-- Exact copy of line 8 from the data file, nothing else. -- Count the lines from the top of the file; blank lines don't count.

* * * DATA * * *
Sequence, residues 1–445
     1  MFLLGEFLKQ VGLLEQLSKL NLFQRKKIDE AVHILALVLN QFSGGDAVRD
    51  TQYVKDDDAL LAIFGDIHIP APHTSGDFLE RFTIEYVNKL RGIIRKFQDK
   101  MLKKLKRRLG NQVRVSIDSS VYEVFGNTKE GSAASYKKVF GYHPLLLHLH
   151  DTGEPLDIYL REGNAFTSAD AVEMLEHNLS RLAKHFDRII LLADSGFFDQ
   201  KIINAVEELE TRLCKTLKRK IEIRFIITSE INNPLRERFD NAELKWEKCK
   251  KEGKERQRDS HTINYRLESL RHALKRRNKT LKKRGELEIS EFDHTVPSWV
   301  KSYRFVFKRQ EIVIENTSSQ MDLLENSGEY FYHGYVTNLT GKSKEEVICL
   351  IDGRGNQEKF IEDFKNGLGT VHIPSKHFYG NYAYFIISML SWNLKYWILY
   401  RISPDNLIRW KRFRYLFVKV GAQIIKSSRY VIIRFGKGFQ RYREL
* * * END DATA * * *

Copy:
   301  KSYRFVFKRQ EIVIENTSSQ MDLLENSGEY FYHGYVTNLT GKSKEEVICL